School can wait as it’s World Cup final fever
A circular sent on Thursday by Serangoon Garden Secondary School addressing parents and guardians of its students. Photo: Twitter user ZUEN
SINGAPORE: A handful of schools in Singapore have made concessions to allow its students to catch the World Cup final between Germany and Argentina without having to worry about making it on time for early morning classes.
The match, which takes place at Rio de Janeiro’s Maracana Stadium, starts at 3am on Monday (Singapore time) and will be shown “live” on several outlets, including MediaCorp’s okto channel.
But Serangoon Garden Secondary School (SGSS) will allow its students to report for school at 11am, instead of the usual 7.20am, on Monday, with classes ending at 5pm, instead of 1.30pm to 2.30pm on a usual day.
SGSS could not be reached for comment, but in a circular to its students’ parents and guardians, it said that “in line with the school’s culture of care, we would like to support pupils who are keen” to watch the final, although the school stressed they should ensure their children or ward has a proper breakfast before reporting for classes as lunchtimes will be adjusted to a later timing.
Not surprisingly, the move is turning out to be a popular one.
“Since there is free telecast for the semis and final on okto, many students have been waking up in the wee hours to watch the matches,” said Hayati Juhari, 15, a Secondary Four student. “Our new principal, Mr Stephen Tay, has allowed us to come to school late on the day of the final to ensure that we won’t be tired at school that day.”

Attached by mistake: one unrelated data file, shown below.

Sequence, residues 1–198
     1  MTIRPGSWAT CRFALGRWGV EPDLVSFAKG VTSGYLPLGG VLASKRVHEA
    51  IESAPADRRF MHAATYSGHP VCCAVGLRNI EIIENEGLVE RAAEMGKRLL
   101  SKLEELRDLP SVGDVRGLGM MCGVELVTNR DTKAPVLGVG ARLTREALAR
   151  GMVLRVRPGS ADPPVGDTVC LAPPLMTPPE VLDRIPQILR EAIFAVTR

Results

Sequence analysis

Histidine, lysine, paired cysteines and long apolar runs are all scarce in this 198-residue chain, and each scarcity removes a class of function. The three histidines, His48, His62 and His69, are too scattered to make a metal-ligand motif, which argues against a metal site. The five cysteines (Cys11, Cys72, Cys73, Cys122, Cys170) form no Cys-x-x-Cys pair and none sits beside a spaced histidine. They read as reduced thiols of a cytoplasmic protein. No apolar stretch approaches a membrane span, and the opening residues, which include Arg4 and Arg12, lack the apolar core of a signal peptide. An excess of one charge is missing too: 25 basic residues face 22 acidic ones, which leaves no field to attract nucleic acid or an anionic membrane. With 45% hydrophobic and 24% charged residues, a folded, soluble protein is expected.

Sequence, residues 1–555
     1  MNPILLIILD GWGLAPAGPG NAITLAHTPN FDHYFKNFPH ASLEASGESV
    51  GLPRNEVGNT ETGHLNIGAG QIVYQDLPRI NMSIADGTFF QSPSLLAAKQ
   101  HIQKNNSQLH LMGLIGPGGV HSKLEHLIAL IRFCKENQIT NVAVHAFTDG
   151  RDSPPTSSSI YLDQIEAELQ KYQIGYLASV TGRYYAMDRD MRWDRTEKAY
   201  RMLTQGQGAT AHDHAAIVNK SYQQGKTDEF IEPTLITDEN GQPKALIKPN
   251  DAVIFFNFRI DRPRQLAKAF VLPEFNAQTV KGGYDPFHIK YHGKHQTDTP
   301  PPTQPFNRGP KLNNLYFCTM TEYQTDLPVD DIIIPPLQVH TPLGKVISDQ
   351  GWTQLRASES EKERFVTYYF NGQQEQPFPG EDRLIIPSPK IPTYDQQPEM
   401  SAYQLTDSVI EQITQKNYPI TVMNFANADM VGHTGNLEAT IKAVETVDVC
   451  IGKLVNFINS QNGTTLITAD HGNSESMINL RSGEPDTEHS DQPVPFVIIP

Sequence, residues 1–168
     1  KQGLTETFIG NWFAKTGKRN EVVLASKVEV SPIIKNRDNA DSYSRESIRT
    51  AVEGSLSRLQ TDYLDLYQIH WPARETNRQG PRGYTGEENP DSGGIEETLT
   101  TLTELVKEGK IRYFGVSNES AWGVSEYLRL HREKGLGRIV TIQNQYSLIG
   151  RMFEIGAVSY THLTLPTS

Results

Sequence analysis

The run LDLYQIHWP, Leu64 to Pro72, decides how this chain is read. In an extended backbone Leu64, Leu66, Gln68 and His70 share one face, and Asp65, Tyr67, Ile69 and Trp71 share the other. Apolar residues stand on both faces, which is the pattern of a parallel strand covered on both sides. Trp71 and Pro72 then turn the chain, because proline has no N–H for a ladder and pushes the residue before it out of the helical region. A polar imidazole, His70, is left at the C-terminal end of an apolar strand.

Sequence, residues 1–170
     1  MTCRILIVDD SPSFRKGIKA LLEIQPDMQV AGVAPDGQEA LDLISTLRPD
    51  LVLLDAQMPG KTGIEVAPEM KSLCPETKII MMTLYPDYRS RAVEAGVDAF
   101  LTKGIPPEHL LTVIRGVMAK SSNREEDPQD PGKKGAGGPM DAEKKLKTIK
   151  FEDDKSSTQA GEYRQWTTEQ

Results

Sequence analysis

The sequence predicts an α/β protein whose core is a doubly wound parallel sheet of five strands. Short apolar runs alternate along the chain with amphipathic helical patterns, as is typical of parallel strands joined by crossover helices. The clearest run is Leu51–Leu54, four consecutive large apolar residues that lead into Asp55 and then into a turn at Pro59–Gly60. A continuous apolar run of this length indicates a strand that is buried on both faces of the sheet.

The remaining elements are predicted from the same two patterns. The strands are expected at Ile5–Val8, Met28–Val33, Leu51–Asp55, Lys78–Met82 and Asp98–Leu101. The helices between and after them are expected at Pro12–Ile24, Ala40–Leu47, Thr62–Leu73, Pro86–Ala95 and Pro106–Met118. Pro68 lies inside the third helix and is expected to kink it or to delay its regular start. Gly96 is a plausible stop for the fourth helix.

At the Singapore Sports School (SSP), about 500 student-athletes from its boarding school at its Woodlands campus have been allowed to skip training on Monday morning to allow them to watch the match via a projector screen at the school’s auditorium.
More than half of the SSP’s students have registered their interest in attending the screening.
SSP principal Tan Teck Hock said the welfare of its students is a priority and that it is a “natural” and a “huge advantage” for the school to screen the match.
“It makes sense for us to screen it (World Cup final), because we are a boarding school, and it is almost like the World Cup at the students’ door step,” he said. “Being a sports school, this is part and parcel of how we educate our students on different sports and get them to enjoy and consume more sports.”
Likewise, the Singapore Institute of Management (SIM) will also show the World Cup final at its student hub at its Clementi campus, with about 100 students already registering their attendance. Vouchers will also be given out to those who predict the correct score of the match, said an SIM spokesperson.
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